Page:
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In this week’s installment of “What’s Your KCQ?” — a series in which we partner with the Kansas City Star to answer reader questions — we dive into a submission from Bill Johnson. He noticed some Egyptian looking objects in some photographs of Union Station from the 1920s and wondered why they were there.
Conceived as a ploy to bring customers to visit the Heim Brewing Company in 1899, the original Electric Park at Chestnut and Guinotte streets grew into an attraction in its own right. Each night, the 100,000 lights that gave the park its name illuminated a roller coaster, scenic railway, carousel, skating rink, swimming pool, bowling alley, alligator farm, dime museum, theaters, dance pavilions, bandstand, penny arcade, shooting gallery, flower beds, lake, and rental boats. Most alluring were the nightly performances of costumed young women who danced to a colorful electric light show on a platform in a large fountain in the center of the lake. Sometimes known as Kansas City's Coney Island, it served as the city's greatest amusement park for nearly two decades.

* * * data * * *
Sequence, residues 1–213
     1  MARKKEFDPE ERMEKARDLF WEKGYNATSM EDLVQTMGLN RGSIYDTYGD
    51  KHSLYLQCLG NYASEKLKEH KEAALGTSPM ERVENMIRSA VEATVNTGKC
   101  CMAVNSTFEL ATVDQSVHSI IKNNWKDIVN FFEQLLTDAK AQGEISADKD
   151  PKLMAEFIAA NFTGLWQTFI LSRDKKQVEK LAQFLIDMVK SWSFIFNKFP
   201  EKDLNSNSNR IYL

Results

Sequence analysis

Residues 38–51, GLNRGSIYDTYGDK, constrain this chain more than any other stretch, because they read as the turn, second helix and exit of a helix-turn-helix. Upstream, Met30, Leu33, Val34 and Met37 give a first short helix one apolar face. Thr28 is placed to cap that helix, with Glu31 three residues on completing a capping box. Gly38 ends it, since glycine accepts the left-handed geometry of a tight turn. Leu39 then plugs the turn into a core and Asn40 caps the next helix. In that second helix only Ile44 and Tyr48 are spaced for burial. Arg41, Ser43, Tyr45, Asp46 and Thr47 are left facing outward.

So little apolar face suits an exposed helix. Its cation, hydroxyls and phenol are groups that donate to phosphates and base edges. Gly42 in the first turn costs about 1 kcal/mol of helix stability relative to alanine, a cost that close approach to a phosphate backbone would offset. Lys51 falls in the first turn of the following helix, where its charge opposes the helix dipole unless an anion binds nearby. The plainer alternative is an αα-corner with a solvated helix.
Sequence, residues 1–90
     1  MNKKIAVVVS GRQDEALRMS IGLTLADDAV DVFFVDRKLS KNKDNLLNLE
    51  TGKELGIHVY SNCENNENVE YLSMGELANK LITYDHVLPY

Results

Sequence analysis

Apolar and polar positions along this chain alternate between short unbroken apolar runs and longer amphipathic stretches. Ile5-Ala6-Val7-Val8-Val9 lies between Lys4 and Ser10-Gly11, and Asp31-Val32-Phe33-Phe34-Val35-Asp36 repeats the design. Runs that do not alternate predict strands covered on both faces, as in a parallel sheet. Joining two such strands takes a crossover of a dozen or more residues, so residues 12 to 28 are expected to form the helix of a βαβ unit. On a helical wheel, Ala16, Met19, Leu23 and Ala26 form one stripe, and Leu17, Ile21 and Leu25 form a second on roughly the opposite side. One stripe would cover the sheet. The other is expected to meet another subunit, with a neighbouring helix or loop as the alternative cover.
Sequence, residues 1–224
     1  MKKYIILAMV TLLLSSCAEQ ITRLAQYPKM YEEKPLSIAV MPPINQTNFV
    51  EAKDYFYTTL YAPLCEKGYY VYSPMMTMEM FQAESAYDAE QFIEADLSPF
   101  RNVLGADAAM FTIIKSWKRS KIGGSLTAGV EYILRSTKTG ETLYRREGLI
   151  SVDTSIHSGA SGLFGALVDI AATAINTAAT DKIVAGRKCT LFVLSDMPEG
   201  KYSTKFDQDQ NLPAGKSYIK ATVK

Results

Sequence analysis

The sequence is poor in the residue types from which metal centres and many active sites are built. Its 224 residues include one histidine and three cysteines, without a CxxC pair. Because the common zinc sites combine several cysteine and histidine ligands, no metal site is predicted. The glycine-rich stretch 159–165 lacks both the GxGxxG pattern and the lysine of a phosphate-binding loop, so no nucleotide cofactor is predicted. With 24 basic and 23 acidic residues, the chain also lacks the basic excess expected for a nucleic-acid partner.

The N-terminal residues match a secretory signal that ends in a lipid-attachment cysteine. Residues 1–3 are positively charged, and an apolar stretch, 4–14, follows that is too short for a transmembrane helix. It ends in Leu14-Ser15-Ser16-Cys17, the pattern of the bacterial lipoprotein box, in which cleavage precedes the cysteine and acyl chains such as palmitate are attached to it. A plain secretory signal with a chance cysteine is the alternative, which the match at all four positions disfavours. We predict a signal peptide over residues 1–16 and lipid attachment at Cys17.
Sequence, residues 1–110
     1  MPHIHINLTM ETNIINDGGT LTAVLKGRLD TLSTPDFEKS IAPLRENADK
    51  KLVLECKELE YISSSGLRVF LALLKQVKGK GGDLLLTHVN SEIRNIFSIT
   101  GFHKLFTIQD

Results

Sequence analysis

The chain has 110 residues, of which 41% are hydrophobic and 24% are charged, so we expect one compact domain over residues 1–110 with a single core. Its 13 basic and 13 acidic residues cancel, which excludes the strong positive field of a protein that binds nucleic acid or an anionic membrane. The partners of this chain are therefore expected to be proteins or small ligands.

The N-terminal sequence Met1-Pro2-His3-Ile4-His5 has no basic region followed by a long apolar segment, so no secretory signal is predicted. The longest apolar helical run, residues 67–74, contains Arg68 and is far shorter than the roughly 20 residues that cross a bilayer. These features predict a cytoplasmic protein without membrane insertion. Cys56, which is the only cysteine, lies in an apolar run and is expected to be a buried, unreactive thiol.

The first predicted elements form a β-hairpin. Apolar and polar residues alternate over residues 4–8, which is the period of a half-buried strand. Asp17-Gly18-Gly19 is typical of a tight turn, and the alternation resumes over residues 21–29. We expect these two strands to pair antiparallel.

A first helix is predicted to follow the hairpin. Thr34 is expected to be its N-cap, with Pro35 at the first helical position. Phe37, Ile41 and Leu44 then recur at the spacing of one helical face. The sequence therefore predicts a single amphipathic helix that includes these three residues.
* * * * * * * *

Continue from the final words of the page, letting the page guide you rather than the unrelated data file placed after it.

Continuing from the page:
Every once in a while, the Kansas City skyline lights up in brilliant, seemingly coordinated hues — like everyone got together to make the city shine. Reader Joel Jackson was wondering just how this was possible, so he submitted this question to our "What’s Your KCQ?" series: "How does the Kansas City skyline’s lights get coordinated for special occasions, and which buildings participate?"
Since The Kansas City Public Library launched "What’s your KCQ?" last October in partnership with the Kansas City Star , we’ve answered many reader-submitted questions about Kansas City’s history, traditions and quirks.
In recent months, we’ve explored how Kansas Citians used to travel between downtown and West Bottoms, if a reader’s father did really pay a nickel to see a giant whale in Kansas City in the 1950s — Long story short, the whale’s name was Winnie. — and why Kansas City has a bridge to nowhere.